camphor kăm´fər [key], C10H16O, white, crystalline solid ketone with a characteristic pungent odor and taste. It melts at 176°C and boils at 204°C. The natural variety, Japan camphor, is obtained by steam distillation of the wood of the camphor tree (Cinnamomum camphora) native to China, Japan, and Taiwan (its chief natural source). Since this source is inadequate, camphor is widely synthesized from α-pinene, which is obtained from oil of turpentine. Camphor is widely used as a plasticizer in the manufacture of celluloid and some lacquers. It is used in medicine as a stimulant, a diaphoretic, and an inhalant. Camphor ice is a mixture, containing principally camphor and wax, used for external application. Camphor is practically insoluble in water but soluble in alcohol, ether, chloroform, and other solvents. The alcoholic solution is known as spirits of camphor.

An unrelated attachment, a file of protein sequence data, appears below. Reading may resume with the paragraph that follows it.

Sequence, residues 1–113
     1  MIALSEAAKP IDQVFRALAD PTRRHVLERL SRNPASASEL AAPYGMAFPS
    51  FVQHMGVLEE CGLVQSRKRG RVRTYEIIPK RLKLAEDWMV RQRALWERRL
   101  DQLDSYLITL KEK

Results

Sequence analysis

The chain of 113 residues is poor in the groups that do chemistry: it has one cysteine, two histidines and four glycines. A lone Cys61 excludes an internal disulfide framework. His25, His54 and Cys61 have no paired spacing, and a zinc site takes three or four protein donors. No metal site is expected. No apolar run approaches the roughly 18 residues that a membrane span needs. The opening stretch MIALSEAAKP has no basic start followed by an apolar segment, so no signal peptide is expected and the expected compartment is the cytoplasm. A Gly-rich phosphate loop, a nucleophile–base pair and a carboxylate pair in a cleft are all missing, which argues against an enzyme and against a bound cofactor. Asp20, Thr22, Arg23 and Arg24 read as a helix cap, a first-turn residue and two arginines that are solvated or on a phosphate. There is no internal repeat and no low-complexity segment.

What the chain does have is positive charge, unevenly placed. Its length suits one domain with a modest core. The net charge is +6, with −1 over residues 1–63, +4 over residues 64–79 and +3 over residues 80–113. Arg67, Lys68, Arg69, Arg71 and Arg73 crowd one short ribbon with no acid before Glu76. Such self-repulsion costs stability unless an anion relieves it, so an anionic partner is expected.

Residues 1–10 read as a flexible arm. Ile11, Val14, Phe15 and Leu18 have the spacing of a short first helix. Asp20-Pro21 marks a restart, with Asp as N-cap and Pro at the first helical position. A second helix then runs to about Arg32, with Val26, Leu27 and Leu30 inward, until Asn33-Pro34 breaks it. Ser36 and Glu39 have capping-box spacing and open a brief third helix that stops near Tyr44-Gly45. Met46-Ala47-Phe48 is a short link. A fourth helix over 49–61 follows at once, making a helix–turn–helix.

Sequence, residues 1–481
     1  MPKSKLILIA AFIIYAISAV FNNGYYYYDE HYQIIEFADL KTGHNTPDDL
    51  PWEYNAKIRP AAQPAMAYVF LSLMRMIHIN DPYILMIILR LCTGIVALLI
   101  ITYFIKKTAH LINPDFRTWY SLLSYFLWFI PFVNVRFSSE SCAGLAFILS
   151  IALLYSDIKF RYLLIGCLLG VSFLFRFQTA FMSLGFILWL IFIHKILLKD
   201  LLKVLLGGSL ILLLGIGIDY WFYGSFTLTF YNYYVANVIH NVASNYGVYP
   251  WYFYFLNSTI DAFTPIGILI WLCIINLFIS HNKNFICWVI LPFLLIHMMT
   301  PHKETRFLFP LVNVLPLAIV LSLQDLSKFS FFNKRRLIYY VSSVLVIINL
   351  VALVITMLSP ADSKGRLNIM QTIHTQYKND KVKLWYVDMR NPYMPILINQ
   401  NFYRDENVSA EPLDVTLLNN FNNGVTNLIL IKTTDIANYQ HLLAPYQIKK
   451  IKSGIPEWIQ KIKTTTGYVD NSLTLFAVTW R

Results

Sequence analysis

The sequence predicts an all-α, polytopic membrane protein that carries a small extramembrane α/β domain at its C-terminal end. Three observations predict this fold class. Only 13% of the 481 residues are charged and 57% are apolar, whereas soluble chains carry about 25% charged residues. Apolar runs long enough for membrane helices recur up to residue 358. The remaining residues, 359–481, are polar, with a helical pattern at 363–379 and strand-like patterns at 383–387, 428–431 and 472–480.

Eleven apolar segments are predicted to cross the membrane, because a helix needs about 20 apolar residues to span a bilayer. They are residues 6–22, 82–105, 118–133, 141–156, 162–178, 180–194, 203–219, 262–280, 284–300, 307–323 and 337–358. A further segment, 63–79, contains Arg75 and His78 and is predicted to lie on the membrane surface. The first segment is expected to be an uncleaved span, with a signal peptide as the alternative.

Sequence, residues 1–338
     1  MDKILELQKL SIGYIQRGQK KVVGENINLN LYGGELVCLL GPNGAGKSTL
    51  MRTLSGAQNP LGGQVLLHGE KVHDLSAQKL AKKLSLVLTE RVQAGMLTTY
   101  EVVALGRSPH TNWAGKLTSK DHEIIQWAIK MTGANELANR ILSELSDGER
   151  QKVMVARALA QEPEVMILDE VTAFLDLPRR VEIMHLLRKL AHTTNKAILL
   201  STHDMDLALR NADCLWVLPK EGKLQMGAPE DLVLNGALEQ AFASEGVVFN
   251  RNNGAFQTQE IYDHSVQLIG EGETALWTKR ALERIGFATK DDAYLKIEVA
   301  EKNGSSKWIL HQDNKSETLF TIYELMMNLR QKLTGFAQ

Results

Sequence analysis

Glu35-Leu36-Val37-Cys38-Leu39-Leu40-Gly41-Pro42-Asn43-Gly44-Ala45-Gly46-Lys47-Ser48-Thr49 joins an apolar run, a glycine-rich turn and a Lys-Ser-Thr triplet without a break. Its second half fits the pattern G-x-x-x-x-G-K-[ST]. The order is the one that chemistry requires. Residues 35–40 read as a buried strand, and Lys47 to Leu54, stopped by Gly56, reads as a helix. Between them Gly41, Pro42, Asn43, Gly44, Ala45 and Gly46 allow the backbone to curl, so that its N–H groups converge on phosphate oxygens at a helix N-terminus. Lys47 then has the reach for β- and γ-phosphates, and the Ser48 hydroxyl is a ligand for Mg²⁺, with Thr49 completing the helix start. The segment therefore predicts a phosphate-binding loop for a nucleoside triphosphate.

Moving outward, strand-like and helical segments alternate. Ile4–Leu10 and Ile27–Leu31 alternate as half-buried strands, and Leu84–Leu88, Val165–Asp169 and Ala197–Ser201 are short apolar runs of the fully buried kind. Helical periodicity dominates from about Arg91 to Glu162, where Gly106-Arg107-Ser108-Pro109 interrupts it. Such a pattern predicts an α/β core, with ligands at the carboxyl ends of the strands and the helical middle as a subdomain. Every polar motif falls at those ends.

The Columbia Electronic Encyclopedia, 6th ed. Copyright © 2012, Columbia University Press. All rights reserved.
See more Encyclopedia articles on: Organic Chemistry